Wednesday 08 Apr 2020 | 23:19 | SYDNEY
Wednesday 08 Apr 2020 | 23:19 | SYDNEY

APS recruitment: Literacy optional


Sam Roggeveen


30 July 2009 20:09

The Government is recruiting internationally for the senior ranks of the public service, with this advertisement running in the latest issue of The Economist. But given the quality of the ad copy, you have to wonder what calibre of candidates the Government will attract. Here's the opening paragraph, featuring that always popular redundancy, 'actively'.

The Departments of Prime Minister & Cabinet, Treasury, Finance & Deregulation, together with a number of key Agencies at the centre of the Government reform agenda are actively building the capability of their executive teams.

Pray, how would one passively build the capability of executive teams? There's also a missing comma* after 'agenda', but let's continue:

In these challenging economic times private investment has slowed - government has stepped in - with the biggest infrastructure investment in Australia’s history. The government has embarked on the largest ever nation building strategy of our times.

Well, someone at the recruitment agency has been reading Rudd's speeches about the GFC. But those dashes make no grammatical sense at all. And what about the historical claim in the next sentence? Largest ever and largest of our times?

A little further down:

Now is the time for the best and the brightest to exercise excellent leadership skills in roles which will deliver on these key initiatives.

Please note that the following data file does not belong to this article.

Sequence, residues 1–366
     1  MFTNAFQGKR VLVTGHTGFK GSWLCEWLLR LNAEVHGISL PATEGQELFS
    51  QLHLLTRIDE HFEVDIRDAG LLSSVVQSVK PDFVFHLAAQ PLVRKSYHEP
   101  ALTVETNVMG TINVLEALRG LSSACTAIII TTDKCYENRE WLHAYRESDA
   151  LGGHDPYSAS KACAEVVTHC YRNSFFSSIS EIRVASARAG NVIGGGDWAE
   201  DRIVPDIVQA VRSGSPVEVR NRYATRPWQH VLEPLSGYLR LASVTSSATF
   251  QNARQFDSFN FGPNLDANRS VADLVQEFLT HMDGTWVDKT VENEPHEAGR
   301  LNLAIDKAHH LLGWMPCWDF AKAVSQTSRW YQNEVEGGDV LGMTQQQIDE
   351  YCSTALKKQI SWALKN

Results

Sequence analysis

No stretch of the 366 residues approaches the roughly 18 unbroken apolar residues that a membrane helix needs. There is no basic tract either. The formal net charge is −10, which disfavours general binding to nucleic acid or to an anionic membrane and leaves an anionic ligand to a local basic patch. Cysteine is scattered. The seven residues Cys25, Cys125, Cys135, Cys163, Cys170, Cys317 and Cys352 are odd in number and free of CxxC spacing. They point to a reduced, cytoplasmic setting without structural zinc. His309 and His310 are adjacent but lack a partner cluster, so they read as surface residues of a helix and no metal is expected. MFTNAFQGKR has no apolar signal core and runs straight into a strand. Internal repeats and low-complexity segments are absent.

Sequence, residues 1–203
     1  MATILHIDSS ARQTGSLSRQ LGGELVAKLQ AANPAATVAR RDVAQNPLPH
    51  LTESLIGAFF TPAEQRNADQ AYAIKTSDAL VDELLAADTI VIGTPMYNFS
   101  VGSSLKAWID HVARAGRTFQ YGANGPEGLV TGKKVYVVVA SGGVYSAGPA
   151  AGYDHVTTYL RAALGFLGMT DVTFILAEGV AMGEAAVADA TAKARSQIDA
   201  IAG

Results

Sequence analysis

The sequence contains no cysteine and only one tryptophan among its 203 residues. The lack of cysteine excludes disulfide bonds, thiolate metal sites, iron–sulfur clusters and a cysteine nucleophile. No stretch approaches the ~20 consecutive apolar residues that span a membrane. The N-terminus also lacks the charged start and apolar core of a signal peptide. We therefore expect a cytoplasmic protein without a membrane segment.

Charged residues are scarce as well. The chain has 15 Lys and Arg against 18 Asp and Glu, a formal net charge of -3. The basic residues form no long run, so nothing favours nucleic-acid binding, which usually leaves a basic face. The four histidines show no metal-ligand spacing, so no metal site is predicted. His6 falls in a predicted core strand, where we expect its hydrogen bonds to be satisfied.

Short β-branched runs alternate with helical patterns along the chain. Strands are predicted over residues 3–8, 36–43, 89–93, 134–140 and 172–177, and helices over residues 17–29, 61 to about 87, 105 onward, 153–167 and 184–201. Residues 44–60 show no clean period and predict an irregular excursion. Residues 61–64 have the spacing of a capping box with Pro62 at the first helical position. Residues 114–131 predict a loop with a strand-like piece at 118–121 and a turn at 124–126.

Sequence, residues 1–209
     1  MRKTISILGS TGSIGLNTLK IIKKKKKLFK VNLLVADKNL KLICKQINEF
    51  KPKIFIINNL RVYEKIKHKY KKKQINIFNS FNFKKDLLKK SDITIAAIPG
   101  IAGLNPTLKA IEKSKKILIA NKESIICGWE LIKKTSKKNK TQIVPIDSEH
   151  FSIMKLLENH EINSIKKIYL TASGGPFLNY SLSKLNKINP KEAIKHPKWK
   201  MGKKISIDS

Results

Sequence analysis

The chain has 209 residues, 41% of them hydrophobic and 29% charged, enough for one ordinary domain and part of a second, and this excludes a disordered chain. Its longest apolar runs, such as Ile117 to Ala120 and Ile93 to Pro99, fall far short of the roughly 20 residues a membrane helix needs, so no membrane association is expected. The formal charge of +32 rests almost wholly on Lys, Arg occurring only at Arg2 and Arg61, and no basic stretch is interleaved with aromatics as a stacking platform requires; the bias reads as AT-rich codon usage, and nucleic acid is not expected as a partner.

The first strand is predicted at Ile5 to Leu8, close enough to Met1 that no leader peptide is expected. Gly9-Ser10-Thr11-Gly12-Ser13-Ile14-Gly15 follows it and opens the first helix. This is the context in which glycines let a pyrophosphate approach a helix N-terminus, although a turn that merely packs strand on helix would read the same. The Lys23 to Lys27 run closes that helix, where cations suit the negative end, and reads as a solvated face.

This is what happens when you Google Kennedy and Churchill quotes, then add a dollop of management jargon. Wouldn't 'exercise leadership' have done?

Last, a (presumably inadvertent) kick in the teeth to every existing senior public servant (my emphasis):

You will have proven your ability to provide strategic advice, to influence and manage outcomes in environments as diverse as management consulting, law, economics, financial markets, investment banking, infrastructure, transport, project management, academia, resources in functional or key business unit management or similar leadership roles. Or you could already be in a senior role in the public sector.

Read on if you want to know more about these 'senior roles', which will emerge as 'opportunities' in the 'process', and which require 'competencies' to deal with 'stakeholders'. Oh, and Don Watson: call your agent. Time for a new edition of Death Sentence.

* Spelling of 'comma' now fixed! Thanks Nick.